In Texas, as generally elsewhere, the purchaser of property incumbered by a mortgage who assumes to pay the mortgage as part of the consideration of his purchase, as between himself and his vendor becomes the principal debtor and the vendor his surety; and the mortgagee may recognize and enforce the transaction for his own benefit. Spann v. Cochran & Ewing, 63 Tex. 240; Hill v. Hoeldtke, 104 Tex. 594, 595, 142 S.W. 871, 40 L.R.A. (N. S.) 672; Key v. Alamo National Co. (Tex. Civ.App.) 62 S.W. (2d) 1002. The mortgage creditor knowing the assumption cannot compound with his new debtor without the consent of the old debtor who now stands as surety except at the risk of discharging the latter. See Insley v. Webb, 122 Wash. 98, 209 P. 1093, 41 A.L.R. 274, and note. Thus the bank here became the principal debtor by assuming the notes and mortgages, but on obtaining the assumption of them by Peteete became as to Peteete a surety. The bank's last position evidently became known to Wylie when the two $1,000 notes fell due, and was recognized and confirmed by the entry which the bank through its president made on the renewal notes given by Peteete to Wylie. These entries are attacked as not authorized and as being indeed ultra vires. Assuming without deciding that a national bank could not guarantee payment of a debt of another in which it had no interest, it here appears that this bank having had *543 to take land for an indebtedness due to it assumed instead of paying an incumbrance on it, and having become thus bound rather than suffer a foreclosure joined in an arrangement to postpone it which in no way increased its liability. We perceive nothing ultra vires in such an ordinary business arrangement. Touching the authority of the president to agree for the bank, it is true that his position as president would not of itself give him power to make contracts for the bank, but under the court's further finding that he was the executive head of the bank intrusted by the board of directors with its general management and control, his authority was ample. Certainly he could consent for the bank to a renewal of the notes, and what he did accomplished nothing more. To guarantee the payment of a debt at maturity is to become surety for it. In re Adair Realty & Trust Co. (D.C.) 35 F.(2d) 531. The bank was surety already. The original makers of the notes were probably released. They do not appear to have consented to this extension and are not parties to this suit.

When the bank became insolvent Wylie thus held the notes on which Peteete was the principal debtor and the bank was surety, secured by mortgage and vendor's lien on land which now belonged to Peteete as against the bank. From the creditor's standpoint the surety and his principal equally owe the debt and all of it. The surety if solvent may ordinarily be forced at once to pay, and must seek reimbursement thereafter from his principal, the law aiding him by a subrogation to all the liens held by the creditor. By article 6247, Rev. Stats. of Texas, if principal and surety are both sued the issue of suretyship can be raised by the surety and the court shall order a levy first on the principal's property, if to be found; and article 6248 preserves the judgment against the principal though paid by the surety, and authorizes an execution on it in favor of the surety. We doubt that these provisions have any application to a suit in equity in a federal court, but equity will itself go far to exonerate a solvent surety and to prevent his property being sold by compelling the principal to pay and by subjecting first the principal's property, especially that put up as security for the debt. This equity of exoneration was referred to and some of the authorities cited in Glades County v. Detroit Fidelity & Surety Co. (C.C.A.) 57 F.(2d) 449. This doctrine might in this case have required the mortgaged property to be sold and applied before the surety bank is called on to pay in full had the bank remained a going concern, but it is insolvent. All that it has must in any case be sold and administered, as must the mortgaged property. The land under this decree is to be at once sold and its proceeds if sufficient will pay the entire debt either directly to Wylie or by reimbursing the receiver if he has paid Wylie. If the land does not bring enough, all that it brings will go into the same channels. The error assigned on this record is not that the receiver is required to pay subject to reimbursement instead of postponing his payment until after the sale of the land, but is that the receiver is required to pay a pro rata based on Wylie's debt as it stood at the time of the bank's insolvency rather than as it shall stand after crediting the proceeds of the mortgaged property. The former involves an application of the so-called chancery rule and the latter the bankruptcy rule in making dividends from an insolvent estate to a creditor who has security. The history of the two rules is traced, and the reason for the general preference of the chancery rule is stated in Chemical National Bank v. Armstrong (C. C.A.) 59 F. 372, 28 L.R.A. 231; Merrill v. National Bank of Jacksonville, 173 U.S. 131, 19 S. Ct. 360, 43 L. Ed. 640. The chancery rule recognizes that the assets of an insolvent become a trust for the creditors at the date insolvency is declared and that the share of each creditor in it is to be ascertained according to the amount of his debt at that date, adding no interest afterwards and taking no account of later payments from securities or from others bound for the debt, except to see that the creditor receives in the aggregate no more than his full demand. That this rule is to be applied in making the ratable distribution of the assets of a failed National bank which is provided by the National Bank Act, 12 U.S.C.A. § 194, is settled by the cases just cited. It was applied in the decree appealed from. That the Belton Bank is liable as surety does not interfere with the application of the rule. The receiver, however, is of course entitled to all the recourse against the principal debtor, Peteete, and his property that a surety who pays ordinarily would have.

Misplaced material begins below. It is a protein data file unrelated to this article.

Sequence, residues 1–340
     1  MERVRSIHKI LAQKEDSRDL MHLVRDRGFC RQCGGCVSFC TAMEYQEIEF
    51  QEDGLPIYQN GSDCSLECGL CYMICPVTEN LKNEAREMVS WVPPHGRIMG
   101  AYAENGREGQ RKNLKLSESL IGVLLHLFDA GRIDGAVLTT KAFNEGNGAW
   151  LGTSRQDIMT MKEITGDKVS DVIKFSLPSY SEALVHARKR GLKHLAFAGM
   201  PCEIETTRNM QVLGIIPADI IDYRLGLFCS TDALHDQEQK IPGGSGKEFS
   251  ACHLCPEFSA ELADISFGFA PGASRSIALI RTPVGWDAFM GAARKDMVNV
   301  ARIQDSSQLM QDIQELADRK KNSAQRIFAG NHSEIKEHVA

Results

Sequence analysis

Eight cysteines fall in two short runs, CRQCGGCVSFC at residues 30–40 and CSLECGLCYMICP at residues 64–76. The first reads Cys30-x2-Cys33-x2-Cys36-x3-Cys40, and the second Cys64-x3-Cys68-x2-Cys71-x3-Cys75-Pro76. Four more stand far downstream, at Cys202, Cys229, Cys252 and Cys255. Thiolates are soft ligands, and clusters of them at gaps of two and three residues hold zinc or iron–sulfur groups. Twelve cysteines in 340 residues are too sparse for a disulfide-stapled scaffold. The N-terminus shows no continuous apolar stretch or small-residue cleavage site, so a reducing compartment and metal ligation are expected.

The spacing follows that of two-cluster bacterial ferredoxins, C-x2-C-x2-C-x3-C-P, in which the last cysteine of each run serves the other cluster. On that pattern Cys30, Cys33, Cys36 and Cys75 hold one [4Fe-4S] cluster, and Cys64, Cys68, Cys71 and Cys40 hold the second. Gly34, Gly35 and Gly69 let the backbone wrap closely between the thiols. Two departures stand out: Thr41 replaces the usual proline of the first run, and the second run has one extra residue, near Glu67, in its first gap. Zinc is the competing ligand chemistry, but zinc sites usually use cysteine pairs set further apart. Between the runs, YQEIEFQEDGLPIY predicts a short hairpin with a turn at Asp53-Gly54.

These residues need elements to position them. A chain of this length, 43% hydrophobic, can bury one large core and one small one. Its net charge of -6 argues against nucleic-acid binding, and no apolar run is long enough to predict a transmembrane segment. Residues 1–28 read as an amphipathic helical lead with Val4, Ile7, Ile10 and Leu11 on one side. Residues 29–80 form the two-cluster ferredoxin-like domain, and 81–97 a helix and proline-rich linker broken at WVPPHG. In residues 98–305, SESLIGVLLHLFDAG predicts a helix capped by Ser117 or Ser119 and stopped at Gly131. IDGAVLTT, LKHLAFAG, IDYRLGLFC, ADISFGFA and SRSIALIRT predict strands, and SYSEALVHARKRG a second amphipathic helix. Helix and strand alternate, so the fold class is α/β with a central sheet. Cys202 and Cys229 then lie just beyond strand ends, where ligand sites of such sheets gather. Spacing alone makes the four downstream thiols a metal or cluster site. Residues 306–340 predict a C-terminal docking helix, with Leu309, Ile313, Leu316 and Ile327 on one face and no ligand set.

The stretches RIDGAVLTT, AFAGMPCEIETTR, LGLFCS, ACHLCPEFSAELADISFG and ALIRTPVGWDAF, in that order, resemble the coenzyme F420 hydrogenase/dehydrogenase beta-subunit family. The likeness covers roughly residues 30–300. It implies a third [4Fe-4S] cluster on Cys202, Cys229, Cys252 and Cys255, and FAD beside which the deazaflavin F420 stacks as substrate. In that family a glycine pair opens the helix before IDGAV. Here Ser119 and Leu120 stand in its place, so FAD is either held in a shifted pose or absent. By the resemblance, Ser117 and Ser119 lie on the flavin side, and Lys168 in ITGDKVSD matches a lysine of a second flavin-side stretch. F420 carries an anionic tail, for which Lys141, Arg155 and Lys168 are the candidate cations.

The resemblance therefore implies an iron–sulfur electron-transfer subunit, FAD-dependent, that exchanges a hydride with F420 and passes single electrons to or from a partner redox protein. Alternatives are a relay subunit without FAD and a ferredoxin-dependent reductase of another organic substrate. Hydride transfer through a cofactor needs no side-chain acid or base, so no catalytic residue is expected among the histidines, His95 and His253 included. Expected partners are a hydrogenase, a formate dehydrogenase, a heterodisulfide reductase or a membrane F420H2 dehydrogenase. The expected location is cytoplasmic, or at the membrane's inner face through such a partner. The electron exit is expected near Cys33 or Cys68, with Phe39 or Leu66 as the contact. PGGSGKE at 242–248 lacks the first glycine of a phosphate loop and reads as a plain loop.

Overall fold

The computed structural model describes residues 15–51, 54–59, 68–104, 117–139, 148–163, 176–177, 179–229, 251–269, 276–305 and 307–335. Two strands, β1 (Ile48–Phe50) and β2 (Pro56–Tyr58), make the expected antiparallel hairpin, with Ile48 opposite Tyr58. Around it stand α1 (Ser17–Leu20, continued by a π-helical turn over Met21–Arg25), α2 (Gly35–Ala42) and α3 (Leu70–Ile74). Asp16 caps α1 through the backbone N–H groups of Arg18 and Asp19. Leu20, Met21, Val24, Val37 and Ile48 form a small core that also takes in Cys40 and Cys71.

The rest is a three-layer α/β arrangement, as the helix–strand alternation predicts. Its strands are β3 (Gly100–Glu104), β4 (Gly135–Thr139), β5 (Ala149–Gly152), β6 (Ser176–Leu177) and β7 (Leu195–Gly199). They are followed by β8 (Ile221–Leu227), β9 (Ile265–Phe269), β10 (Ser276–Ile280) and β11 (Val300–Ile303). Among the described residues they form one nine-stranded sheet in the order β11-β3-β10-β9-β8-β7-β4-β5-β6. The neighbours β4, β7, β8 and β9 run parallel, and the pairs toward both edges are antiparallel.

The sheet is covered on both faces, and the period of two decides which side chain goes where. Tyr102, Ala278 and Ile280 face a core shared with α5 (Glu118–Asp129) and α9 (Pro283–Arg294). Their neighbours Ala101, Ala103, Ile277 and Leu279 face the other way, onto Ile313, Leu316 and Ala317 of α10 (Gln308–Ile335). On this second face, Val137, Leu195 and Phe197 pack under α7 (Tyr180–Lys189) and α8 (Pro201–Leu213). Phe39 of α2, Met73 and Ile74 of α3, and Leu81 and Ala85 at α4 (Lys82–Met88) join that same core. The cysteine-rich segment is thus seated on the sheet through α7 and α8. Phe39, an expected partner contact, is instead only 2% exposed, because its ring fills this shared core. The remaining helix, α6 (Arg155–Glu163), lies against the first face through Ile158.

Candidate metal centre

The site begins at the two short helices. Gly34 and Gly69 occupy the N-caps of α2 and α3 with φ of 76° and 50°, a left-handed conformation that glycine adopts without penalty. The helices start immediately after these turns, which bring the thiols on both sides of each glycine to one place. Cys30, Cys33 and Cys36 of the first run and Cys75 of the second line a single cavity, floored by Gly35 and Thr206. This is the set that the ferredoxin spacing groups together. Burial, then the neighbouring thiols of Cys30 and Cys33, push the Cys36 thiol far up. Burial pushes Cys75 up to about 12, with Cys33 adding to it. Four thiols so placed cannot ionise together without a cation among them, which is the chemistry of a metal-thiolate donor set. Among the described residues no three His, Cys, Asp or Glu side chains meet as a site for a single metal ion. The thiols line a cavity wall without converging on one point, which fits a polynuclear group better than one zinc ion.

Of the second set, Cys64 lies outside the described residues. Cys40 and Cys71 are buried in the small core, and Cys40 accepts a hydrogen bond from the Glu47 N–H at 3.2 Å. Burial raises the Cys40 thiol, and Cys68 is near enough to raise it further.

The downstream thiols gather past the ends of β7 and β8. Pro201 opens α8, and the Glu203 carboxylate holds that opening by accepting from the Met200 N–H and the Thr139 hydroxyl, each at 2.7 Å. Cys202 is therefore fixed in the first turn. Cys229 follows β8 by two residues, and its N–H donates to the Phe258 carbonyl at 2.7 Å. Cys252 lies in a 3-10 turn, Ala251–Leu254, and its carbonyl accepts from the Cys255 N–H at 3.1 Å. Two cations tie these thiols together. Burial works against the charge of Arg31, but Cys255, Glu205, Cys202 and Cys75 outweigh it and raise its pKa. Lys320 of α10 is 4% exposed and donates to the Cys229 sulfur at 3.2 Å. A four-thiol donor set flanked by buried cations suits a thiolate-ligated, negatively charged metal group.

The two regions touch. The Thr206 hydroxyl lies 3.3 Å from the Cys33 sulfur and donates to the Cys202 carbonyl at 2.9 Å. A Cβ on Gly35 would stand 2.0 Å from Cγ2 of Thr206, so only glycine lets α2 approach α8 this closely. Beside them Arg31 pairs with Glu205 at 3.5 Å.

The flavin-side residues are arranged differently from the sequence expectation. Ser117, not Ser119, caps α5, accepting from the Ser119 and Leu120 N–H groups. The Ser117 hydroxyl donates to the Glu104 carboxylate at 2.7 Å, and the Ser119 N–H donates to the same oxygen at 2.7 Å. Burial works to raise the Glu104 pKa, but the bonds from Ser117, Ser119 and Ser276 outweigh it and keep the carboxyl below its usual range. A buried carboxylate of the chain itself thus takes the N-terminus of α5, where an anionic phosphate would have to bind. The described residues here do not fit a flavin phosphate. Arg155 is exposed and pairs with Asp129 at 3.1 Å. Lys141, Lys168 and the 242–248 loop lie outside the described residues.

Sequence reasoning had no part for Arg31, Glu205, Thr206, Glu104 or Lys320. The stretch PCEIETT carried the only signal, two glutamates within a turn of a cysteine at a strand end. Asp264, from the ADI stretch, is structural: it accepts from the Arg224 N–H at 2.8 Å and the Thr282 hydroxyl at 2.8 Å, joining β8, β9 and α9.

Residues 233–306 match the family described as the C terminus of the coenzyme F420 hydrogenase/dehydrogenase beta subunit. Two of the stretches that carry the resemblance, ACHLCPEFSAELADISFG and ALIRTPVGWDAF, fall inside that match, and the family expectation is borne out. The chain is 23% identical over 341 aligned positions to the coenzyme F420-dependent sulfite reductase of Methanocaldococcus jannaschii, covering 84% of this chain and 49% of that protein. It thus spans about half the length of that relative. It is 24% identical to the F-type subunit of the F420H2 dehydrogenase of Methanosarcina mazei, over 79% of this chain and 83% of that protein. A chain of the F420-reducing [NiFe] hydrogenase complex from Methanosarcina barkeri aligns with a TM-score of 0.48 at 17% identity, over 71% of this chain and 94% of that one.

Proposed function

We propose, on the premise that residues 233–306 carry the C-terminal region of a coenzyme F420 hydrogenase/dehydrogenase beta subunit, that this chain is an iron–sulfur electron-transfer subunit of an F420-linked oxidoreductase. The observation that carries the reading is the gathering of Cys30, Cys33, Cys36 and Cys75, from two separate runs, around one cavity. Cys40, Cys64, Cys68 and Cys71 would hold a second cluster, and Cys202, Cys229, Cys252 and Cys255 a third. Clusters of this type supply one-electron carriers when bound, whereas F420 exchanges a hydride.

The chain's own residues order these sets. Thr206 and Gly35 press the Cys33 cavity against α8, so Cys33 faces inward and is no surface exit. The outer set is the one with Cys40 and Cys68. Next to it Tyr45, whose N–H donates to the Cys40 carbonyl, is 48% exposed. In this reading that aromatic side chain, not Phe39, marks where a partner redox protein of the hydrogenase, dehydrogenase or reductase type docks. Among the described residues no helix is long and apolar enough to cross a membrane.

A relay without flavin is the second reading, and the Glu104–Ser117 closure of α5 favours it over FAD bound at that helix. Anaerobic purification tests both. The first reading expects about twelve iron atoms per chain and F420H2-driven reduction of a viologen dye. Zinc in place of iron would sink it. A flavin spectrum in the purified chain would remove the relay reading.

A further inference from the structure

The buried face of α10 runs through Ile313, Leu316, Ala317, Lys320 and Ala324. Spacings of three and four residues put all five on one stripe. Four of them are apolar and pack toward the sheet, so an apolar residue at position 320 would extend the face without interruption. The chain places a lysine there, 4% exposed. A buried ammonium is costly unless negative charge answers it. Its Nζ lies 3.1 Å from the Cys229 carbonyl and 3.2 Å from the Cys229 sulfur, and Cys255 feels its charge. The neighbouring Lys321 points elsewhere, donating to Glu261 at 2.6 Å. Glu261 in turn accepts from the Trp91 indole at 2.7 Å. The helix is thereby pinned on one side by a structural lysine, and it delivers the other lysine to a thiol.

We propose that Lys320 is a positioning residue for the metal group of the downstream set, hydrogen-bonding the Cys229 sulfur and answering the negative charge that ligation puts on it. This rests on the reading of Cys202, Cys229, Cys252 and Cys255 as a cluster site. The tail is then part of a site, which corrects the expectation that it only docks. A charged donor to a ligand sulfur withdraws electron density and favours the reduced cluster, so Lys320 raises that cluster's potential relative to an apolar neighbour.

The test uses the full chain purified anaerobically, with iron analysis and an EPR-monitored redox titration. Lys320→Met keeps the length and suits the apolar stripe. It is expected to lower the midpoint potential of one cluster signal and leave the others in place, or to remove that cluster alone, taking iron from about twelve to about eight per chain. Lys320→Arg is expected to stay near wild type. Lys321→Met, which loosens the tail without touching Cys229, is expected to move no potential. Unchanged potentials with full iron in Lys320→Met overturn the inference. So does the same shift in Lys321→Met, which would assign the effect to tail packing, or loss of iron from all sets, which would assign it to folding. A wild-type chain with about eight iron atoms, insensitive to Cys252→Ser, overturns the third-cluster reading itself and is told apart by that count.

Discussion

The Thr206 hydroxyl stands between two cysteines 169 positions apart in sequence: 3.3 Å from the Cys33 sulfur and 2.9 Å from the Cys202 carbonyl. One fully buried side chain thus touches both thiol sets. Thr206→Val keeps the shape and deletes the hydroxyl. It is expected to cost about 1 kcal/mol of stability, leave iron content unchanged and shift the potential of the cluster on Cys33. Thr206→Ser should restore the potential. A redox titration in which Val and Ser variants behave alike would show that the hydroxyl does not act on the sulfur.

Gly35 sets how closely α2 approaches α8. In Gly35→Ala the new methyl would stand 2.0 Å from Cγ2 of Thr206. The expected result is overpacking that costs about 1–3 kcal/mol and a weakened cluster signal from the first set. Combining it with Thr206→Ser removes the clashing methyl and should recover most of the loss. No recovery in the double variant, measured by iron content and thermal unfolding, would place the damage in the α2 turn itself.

The injunction was properly granted. The receiver had ignored Wylie's *544 claim and was disposing of the assets in suchwise as the court could find endangered Wylie. He had applied to a state court of record under 12 U.S.C.A. § 192, to sanction the sale of most of the assets, and the sale had been carried out long before Wylie filed suit. The state court was again being asked to modify a provision of the sale which authorized the receiver to take up with cash some of the sold assets which proved bad. But the receiver was not the officer of any court. The state court was acting merely in the special manner authorized by the cited statute, and had no judicial possession of the bank's assets. There was nothing in the principles of comity to prevent a court of the United States from protecting by injunction the trust fund in which its suitor Wylie was claiming an interest. Jackson v. McIntosh (C.C.A.) 12 F.(2d) 676; Hulse v. Argetsinger (C.C.A.) 18 F.(2d) 944. If there had been a proceeding in the state court within the meaning of 28 U.S.C.A. § 379, it was not enjoined. The receiver was not stopped from adjusting his contracts with others, but only from paying out money or disposing of property. There was no offer to sequester sufficient money or to give special bond to pay Wylie's claim if established in lieu of the injunction, so no question of the propriety of such a course is raised.

Judgment affirmed.